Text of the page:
Alina of the Arena Review
Developer PINIX Games’ Alina of the Arena was met with a very positive reception upon its release onto Steam in 2022. Now, this roguelike deckbuilder is making its way to consoles and looks to be a little more in-depth than your standard tactical card battler. But does it transition well to consoles? Was it even that great to begin with? Let’s see…
The premise of Alina of the Arena sees you playing as Alina (obviously) a gladiator who must fight for survival in front of a crowd of bloodthirsty spectators. Although you won’t find a detailed narrative here, the games it draws inspiration from — such as Slay the Spire and Into the Breach — prove that you don’t always need an engaging story to create an utterly addictive title. And before getting into the details, Alina of the Arena has done just that, as I am absolutely hooked!
So, what is it about this game that keeps me coming back for more? The simplicity of progressing through each stage and the pick-up-and-play nature, combined with some clever mechanics and a good amount of depth, are the main draws for me. What looks like a generic deckbuilder at first glance, Alina of the Arena has a lot of customisation to really let players craft not only a unique deck but also Alina herself.
Let’s start off by talking about the basics, then. The aim of the game is to win a select number of fights to be able to face that arena's boss monster. The menu allows players to pick and choose which encounter they’d like to take on next, including regular or Elite level enemies, a shop to buy new cards or items, a rest stop that allows Alina to recover some health, and so on. Upon selecting a fight, you’ll be placed into battle with six cards selected at random from your deck. From a standard attack to fireball spells that can cause burn damage, there’s a decent amount of variety to the offensive and defensive cards that will all factor in when altering your strategies each turn. Each card costs a set number of energy, with the default energy being set at three. Once exhausted, it’s time to end the turn and face enemy retaliation.
Now, there’s a lot going on that makes Alina of the Arena more exciting than a simple “pick the highest damage-dealing card to win” style of game. Enemies will attack from every angle, but you’ll always know how and where they’re going to strike. Playing cards that can shift your position (or the enemies) on the grid-based arena map will be crucial to avoid taking damage and staying alive. Then you have the addition of weapons and items, some of which can be scavenged from the battlefield or earned as rewards tossed into the arena from the crowd. Items are often only good for one use and will usually offer the chance to heal mid-battle or inflict a status ailment on an opponent. Weapons are, unsurprisingly, more about dealing direct damage. There are two slots to equip weapons with, each having their own unique properties — such as a crossbow allowing for long-range attacks at the cost of an additional card to reload — and with a decent variety of them to find, purchase, or earn, it was fun to mix and match, experimenting with which combinations worked best with the deck I had built.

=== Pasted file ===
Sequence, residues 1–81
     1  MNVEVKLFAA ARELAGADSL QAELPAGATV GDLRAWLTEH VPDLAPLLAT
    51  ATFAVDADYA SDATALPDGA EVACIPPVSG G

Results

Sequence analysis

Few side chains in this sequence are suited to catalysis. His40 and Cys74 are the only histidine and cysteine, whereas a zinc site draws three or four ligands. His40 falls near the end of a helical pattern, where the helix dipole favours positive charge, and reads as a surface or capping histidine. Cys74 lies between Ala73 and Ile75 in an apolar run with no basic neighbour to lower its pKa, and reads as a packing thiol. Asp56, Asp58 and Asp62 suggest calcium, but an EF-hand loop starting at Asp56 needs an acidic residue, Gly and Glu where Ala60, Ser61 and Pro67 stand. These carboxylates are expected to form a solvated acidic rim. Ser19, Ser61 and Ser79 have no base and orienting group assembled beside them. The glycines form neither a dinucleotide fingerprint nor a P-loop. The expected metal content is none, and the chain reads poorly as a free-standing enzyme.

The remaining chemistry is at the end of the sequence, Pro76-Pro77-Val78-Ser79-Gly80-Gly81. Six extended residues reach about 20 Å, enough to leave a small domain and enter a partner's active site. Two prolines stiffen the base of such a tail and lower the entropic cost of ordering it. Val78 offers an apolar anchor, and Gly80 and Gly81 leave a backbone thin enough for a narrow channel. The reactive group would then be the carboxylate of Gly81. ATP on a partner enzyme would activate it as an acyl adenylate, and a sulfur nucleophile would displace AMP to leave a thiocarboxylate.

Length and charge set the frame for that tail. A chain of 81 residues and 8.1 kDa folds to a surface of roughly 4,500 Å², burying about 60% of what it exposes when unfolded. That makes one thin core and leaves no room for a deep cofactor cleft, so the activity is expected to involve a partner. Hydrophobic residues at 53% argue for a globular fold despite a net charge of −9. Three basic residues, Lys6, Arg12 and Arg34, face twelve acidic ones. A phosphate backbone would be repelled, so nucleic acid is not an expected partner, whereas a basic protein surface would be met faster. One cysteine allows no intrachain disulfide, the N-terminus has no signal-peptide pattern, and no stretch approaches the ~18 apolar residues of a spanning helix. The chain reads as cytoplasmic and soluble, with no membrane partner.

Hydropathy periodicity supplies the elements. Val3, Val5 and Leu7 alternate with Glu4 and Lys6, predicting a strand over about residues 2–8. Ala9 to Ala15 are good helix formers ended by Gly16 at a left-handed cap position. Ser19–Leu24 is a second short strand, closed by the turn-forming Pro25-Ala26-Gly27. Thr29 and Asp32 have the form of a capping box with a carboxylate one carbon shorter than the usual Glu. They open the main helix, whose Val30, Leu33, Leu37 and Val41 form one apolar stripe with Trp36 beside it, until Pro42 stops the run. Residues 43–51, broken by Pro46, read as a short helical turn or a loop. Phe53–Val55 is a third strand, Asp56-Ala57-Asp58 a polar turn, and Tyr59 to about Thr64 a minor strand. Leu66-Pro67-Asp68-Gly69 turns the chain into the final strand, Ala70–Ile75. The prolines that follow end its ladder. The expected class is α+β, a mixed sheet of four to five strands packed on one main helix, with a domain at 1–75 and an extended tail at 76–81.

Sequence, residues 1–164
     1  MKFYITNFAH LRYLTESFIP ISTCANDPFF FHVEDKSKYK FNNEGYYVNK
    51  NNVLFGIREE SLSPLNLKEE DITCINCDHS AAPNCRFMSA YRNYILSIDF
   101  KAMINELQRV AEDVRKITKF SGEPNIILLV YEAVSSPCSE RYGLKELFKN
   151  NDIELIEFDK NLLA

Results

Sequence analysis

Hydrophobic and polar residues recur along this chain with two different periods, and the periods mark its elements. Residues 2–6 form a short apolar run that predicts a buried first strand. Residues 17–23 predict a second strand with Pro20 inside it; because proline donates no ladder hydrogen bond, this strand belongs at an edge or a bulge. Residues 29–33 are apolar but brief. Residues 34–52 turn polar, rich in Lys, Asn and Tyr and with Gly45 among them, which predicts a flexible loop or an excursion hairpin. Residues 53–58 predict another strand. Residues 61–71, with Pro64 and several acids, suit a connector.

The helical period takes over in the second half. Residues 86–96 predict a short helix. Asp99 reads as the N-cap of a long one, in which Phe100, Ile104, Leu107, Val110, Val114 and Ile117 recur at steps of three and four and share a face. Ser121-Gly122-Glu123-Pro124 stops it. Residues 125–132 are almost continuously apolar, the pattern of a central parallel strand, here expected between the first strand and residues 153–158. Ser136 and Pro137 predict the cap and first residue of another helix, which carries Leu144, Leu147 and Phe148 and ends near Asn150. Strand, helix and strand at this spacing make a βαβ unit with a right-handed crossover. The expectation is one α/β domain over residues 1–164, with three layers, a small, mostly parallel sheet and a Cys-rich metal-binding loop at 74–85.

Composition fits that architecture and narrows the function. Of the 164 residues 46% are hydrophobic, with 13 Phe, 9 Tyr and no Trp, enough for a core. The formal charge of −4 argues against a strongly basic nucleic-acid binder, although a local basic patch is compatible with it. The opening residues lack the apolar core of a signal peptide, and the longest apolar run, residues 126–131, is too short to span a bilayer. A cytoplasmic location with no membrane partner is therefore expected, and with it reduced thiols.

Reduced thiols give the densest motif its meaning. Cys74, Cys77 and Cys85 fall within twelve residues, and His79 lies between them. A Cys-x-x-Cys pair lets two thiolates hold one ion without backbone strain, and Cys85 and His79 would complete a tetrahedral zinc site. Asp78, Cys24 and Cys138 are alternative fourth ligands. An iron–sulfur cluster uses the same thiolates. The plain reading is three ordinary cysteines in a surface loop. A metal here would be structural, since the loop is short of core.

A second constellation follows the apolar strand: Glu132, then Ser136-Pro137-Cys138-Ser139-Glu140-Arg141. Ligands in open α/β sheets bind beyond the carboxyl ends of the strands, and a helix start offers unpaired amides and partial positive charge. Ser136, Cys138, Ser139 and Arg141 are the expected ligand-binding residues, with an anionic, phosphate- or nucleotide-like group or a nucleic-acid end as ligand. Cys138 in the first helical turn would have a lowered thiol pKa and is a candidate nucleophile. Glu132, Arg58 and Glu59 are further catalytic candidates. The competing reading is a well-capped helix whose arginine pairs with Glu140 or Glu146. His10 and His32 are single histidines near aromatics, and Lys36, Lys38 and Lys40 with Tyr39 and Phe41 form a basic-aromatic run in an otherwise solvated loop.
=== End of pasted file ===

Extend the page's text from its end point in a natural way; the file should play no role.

Visually, the simplistic pixel art isn’t anything majorly impressive, with the arenas in particular looking fairly bland. Our main character’s sprite is also rather basic-looking, although having her weapon change depending on the one equipped was a nice touch, even down to which hand is holding it! The enemy designs, though, stand out as the most visually appealing aspect of the game. With a wide variety of sword-wielding thugs and grotesque monsters, Alina of the Arena has an impressive range of foes to battle against!
Much like the visuals, the audio doesn’t do much to excite. The generic battle music and menu themes will quickly wear thin, and there’s next to no variety, so get ready to hear the same two songs over and over again. Despite this, the effects played during attacks or any other battlefield actions are serviceable, although again, I do wish there was more diversity in the sounds.
The game doesn’t feel particularly well-optimised for consoles, at least when talking about using a controller, with some fiddly right stick menu selections and having to navigate around the screen just to do something as simple as swap weapons. It’s not a huge pain — and would be much more infuriating if the action unfolded in real-time — but it would be difficult to recommend buying this on console rather than the mouse and keyboard precision of a PC, despite me eventually getting used to the somewhat awkward navigation.
I enjoyed my time with Alina of the Arena quite a lot. Although basic on a surface level, the level of replayability and customisation more than makes up for this. With multiple classes to play as, tonnes of cards to collect, and just the right amount of challenge, this is a roguelike deckbuilder that will more than likely have you itching for one more run, rather than throwing it in the discard pile.
Alina of the Arena (Reviewed on PlayStation 5)
This game is good, with a few negatives.
A simple-looking yet mechanically rich title, Alina of the Arena’s addictive gameplay always felt rewarding no matter how long I played, and it always felt like there was a new card just waiting to be found.